Personal Managers Hall Of Fame
Celebrating Illustrious Careers in Entertainment, Music, and Talent Management.
In addition to owning his own nightclub, Russo managed several musical acts throughout the 1970s including The Manhattan Transfer and Bette Midler.
Russo then moved into producing and directing movies, six of them receiving Academy Award nominations and two receiving Golden Globe Award nominations. His final film would be America: Freedom to Fascism, a political documentary critical of the Internal Revenue Service and the Federal Reserve System and warning about the coming of the New World Order.
Russo became involved in political issues in the early-1990s when he produced and starred in the documentary entitled Mad As Hell in which he criticized the North American Free Trade Agreement (NAFTA), the federal government's War on Drugs, the concept of a National Identity Card, and government regulation of alternative medicine.
In 1998, Russo took his political interests to a higher level, running for governor of the state of Nevada as a Republican. Placing second in the Republican primary with 26% of the vote to candidate Kenny Guinn, Russo later endorsed the Democratic nominee, then-Las Vegas mayor Jan Laverty Jones, who would eventually lose to Guinn. Russo was planning to run again for Nevada governor in 2002 as either an independent or Libertarian but was sidelined by cancer.
In January 2004, Russo declared his candidacy for the President of the United States initially as an independent but then as a Libertarian. At the Libertarian National Convention in May 2004, Russo received 258 votes to Michael Badnarik's 256 votes and Gary Nolan's 246 votes, short of the majority required to receive the presidential nomination. Russo would eventually lose the nomination on the convention's third and final ballot to Badnarik by a vote of 423–344.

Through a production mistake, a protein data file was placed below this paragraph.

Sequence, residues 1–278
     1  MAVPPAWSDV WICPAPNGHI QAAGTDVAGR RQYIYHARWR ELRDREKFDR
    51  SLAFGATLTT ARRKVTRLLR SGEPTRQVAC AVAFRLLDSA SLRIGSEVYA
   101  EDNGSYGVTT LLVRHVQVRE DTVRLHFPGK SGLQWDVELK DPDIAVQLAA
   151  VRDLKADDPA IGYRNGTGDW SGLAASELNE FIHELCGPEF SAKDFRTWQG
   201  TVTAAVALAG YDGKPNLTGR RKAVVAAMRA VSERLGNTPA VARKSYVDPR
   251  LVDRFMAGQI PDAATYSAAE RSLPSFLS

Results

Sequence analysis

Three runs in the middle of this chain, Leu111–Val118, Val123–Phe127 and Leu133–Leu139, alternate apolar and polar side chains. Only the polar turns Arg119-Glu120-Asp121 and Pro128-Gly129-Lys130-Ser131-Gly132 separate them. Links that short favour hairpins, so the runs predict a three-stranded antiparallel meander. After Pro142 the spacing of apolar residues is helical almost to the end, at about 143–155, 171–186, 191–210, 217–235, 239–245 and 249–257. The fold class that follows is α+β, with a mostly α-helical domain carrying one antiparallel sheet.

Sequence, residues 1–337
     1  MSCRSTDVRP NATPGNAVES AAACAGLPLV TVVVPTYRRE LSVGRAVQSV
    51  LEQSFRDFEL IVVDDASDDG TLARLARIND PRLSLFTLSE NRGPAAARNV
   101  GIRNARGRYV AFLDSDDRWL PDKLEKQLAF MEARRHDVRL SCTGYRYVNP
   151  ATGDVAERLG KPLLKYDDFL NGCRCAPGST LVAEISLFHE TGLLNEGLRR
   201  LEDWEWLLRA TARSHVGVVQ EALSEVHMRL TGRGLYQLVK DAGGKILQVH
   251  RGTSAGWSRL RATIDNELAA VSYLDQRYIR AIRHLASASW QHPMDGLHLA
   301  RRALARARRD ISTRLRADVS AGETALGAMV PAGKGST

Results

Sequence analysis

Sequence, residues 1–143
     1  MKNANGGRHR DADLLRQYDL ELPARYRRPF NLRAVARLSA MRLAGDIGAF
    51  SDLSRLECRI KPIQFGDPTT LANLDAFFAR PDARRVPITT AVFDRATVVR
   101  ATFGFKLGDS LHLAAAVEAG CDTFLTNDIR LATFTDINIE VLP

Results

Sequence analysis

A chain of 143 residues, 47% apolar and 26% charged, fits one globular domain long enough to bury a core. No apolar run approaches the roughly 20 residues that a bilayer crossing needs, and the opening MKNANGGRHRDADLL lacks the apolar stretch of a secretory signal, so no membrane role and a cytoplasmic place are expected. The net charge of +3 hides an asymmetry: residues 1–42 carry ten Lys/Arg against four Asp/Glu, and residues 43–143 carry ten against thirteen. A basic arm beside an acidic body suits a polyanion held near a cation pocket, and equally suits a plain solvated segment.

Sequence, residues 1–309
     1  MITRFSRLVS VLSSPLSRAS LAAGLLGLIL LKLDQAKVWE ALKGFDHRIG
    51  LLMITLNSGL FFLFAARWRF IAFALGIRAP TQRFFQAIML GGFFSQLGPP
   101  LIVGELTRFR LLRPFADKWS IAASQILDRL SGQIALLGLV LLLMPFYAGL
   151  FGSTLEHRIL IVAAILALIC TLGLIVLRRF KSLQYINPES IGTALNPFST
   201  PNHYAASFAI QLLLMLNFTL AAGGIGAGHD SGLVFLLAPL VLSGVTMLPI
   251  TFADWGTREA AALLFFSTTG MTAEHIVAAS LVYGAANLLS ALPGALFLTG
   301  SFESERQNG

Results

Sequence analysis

On February 14, 2004, Russo gave his full endorsement to the Free State Project, saying in his letter, "I encourage my fellow Libertarians and all freedom-loving Americans to consider joining the Free State Project."
In 2007, Russo created the political grassroots organization, Restore the Republic, to fulfill the political ambitions laid out in his final movie documentary, America: Freedom to Fascism. Regarding the organization, Russo said his goal was to "try and get the word out to the public about what's happening to America – and give them an opportunity to try to change things".
The Aaron Russo Gold Commemorative Memorial Piece.
On August 24, 2007, Russo died at the age of 64 of cancer at Cedars-Sinai Medical Center in Los Angeles.
Aaron Russo was an American entertainment businessman, film producer and director, and political activist. He was best known for producing such movies as Trading Places, Wise Guys, and The Rose. Later in life, he created various Libertarian-leaning political documentaries including Mad as Hell and America: Freedom to Fascism. After a six-year battle with cancer, Russo died on August 24, 2007.
Aaron Russo was born in Brooklyn, New York, in 1943 in a Jewish family. Growing up on Long Island, Russo worked for his family's undergarment business.
In April 1968, Russo opened the nightclub Kinetic Playground in Chicago, Illinois, originally naming it the Electric Theater. He booked numerous prominent rock groups and musicians at the club such as The Grateful Dead, Iron Butterfly, Jefferson Airplane, Janis Joplin, Led Zeppelin, King Crimson, Vanilla Fudge, Rotary Connection, and The Who.